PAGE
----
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Recently I am dealing with a 1GB json format's file, after using the fromJSON function to convert it to a list of length about 4 millions, I want to scrape one specific element of the list of list. My list looks like this (tweets.list is the name of my list, with the length of 4132406),

> tweets.list[[1]]

$`_id`
[1] "371045756826050561"

$text
[1] "RT @arabic_Leos: لو #الأسد في حالة إعجاب، تجده يتحدث عن الشخص طول الوقت، يفكر به ويكتب عنه يبحث عن صفحاته في النت ويدمن عليه، لذا احتمالية …"

$created_at
[1] "Fri Aug 23 23:06:16 +0000 2013"

Now I only want the "created_at" value in each one of the list, hence my code is as follows:

tweets.unlist<-unlist(tweets.list)

create.date<-0
for(i in 1:(length(tweets.unlist)/3)){
create.date[i]<-tweets.unlist[3*i]
}

I have already run this code around 24 hours and it seems endless, and I wonder if there is any faster and simple enough alternatives to do this? Since I also need to conduct some analysis after converting it to my desired format, I am looking forward to a universal solution, which not only enhance the converting speed, but also enhance the overall computing speed. Thank you all in advance!

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try lapply(tweets.list, '[[', 'created_at') –  Jake Burkhead Dec 19 '13 at 4:03
    
Wow that was a really unexpected method! Never knowing I can use lapply this way, I'll try it, thank you!!!! –  Yu Hua Cheng Dec 19 '13 at 5:49
    
And it costed me only about 10 seconds! That's amazing! Thank you again!!! –  Yu Hua Cheng Dec 19 '13 at 6:11
    
Another option, providied you want every third element is tweets.unlist[!seq(length(tweets.unlist))%%3] –  James Dec 19 '13 at 7:39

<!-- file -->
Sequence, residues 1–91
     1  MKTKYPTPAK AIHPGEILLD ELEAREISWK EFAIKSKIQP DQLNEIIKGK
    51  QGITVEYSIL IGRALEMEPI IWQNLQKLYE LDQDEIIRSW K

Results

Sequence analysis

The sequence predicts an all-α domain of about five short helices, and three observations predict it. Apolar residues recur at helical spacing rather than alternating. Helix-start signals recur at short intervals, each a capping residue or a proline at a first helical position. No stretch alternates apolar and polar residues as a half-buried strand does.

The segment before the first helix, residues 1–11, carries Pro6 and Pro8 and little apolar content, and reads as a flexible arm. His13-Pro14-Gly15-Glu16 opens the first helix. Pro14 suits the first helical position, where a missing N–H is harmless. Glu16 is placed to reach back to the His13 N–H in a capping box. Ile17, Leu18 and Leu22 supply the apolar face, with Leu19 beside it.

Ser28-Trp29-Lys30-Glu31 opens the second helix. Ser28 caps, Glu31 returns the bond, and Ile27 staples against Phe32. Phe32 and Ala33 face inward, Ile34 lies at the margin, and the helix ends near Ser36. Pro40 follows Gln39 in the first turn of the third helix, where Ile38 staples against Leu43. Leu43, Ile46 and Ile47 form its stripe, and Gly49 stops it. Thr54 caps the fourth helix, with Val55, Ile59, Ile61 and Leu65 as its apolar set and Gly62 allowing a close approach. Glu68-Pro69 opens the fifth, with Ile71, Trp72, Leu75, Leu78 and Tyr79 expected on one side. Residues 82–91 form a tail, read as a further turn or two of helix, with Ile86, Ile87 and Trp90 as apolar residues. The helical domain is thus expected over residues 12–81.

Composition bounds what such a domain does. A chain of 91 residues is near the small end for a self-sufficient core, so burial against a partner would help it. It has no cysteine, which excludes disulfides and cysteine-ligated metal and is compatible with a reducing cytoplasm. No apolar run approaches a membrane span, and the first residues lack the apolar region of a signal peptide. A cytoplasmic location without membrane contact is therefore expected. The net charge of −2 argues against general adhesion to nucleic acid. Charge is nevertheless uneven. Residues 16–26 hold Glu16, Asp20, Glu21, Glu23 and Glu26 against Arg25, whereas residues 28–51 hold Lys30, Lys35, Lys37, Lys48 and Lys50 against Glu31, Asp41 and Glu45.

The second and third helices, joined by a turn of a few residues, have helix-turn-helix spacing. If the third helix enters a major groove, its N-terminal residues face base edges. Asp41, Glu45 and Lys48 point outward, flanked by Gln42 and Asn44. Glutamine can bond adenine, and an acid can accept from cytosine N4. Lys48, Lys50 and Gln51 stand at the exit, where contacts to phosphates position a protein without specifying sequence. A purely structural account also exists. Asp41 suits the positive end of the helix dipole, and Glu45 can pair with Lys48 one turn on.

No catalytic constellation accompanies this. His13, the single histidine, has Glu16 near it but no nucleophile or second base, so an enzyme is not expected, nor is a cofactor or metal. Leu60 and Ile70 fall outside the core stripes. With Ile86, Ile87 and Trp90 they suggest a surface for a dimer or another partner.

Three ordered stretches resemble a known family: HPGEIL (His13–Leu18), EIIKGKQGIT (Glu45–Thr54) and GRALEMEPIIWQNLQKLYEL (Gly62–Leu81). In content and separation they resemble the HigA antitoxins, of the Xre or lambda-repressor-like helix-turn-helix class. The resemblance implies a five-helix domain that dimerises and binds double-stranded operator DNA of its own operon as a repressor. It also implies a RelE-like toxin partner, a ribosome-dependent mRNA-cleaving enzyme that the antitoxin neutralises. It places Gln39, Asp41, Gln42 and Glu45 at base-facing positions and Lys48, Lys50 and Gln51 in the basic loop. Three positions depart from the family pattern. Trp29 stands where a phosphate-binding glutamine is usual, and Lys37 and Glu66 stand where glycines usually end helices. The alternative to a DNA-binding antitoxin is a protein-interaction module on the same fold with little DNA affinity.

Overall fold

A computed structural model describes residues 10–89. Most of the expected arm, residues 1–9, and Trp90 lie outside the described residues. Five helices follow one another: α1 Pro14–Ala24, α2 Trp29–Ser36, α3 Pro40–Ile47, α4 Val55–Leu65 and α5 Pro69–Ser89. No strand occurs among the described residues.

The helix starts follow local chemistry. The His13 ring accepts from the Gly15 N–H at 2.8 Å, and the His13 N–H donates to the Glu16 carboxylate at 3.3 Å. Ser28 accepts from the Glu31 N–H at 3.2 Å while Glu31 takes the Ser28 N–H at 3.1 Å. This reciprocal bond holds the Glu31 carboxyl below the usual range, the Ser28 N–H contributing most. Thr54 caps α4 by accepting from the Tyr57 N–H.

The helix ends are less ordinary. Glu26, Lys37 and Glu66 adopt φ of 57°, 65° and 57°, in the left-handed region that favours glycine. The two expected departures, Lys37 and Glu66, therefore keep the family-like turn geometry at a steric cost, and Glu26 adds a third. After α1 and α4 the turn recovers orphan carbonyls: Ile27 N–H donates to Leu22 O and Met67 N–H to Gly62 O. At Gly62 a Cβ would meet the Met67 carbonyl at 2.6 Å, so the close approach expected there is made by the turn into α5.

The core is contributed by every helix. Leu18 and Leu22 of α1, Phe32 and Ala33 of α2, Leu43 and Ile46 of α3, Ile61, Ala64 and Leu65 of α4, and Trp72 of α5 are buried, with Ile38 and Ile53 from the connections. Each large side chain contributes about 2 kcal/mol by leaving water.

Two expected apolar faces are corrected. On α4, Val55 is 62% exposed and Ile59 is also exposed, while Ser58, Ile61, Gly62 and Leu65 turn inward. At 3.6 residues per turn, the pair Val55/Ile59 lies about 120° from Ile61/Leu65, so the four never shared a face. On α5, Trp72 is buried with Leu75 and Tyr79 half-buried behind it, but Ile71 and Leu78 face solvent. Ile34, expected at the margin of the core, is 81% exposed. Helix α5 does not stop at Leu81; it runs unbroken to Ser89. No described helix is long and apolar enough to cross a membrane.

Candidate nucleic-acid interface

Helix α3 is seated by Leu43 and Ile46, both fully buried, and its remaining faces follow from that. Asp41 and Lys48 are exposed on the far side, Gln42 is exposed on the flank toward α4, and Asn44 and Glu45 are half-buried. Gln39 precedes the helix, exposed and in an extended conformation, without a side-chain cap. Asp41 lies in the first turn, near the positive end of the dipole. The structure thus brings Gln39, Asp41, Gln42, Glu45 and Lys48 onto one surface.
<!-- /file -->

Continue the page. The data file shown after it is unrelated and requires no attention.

@YuHuaCheng glad that helped. I posted it as an answer with a little explanation and a benchmark –  Jake Burkhead Dec 19 '13 at 13:23

1 Answer 1

up vote 1 down vote accepted

Here's a benchmark. The issue with your original implementation is that you are growing the create.date vector which R is really bad at. A simple change which will cut down the run time a lot is just to preallocate the vector before the for loop (ie instead of create.date <- 0 do create.date <- character(length(x))).

library(microbenchmark)

tweet <- list(id = 123456, text = "foo", created = as.character(Sys.time()))

tweets.list <- rep(list(tweet), 1e5)

for_growing <- function(x) {
    x.unlist <- unlist(x)

    create.date <- 0
    for (i in 1:(length(x) / 3)) {
        create.date[i] <- x.unlist[3*i]
    }

}

for_prealloc <- function(x) {
    x.unlist <- unlist(x)

    create.date <- character(length(x))
    for (i in 1:(length(x) / 3)) {
        create.date[i] <- x.unlist[3*i]
    }
}

lapply_jake <- function(x) {
    lapply(x, "[[", "created")
}

mod_james <- function(x) {
    x.unlist <- unlist(x)

    x.unlist[!seq(length(x.unlist)) %% 3]
}


microbenchmark(
    for_growing(tweets.list),
    for_prealloc(tweets.list),
    lapply_jake(tweets.list),
    mod_james(tweets.list),
    times = 10L
    )

## Unit: milliseconds
##                      expr        min         lq     median         uq
##  for_growing(tweets.list) 3167.38761 3174.06745 3238.12112 3330.79536
## for_prealloc(tweets.list)  395.30506  397.10530  400.93948  404.11285
##  lapply_jake(tweets.list)   63.57347   64.88034   65.50494   69.94222
##    mod_james(tweets.list)  325.38708  327.81474  334.16780  363.51899
##       max neval
## 3480.2019    10
##  433.8970    10
##  110.4278    10
##  370.6554    10
share|improve this answer
    
Thank you, thank you, and thank you!! This really blows my mind! I do feel a huge mind step in this concept. Thank you Jake! –  Yu Hua Cheng Dec 19 '13 at 22:10

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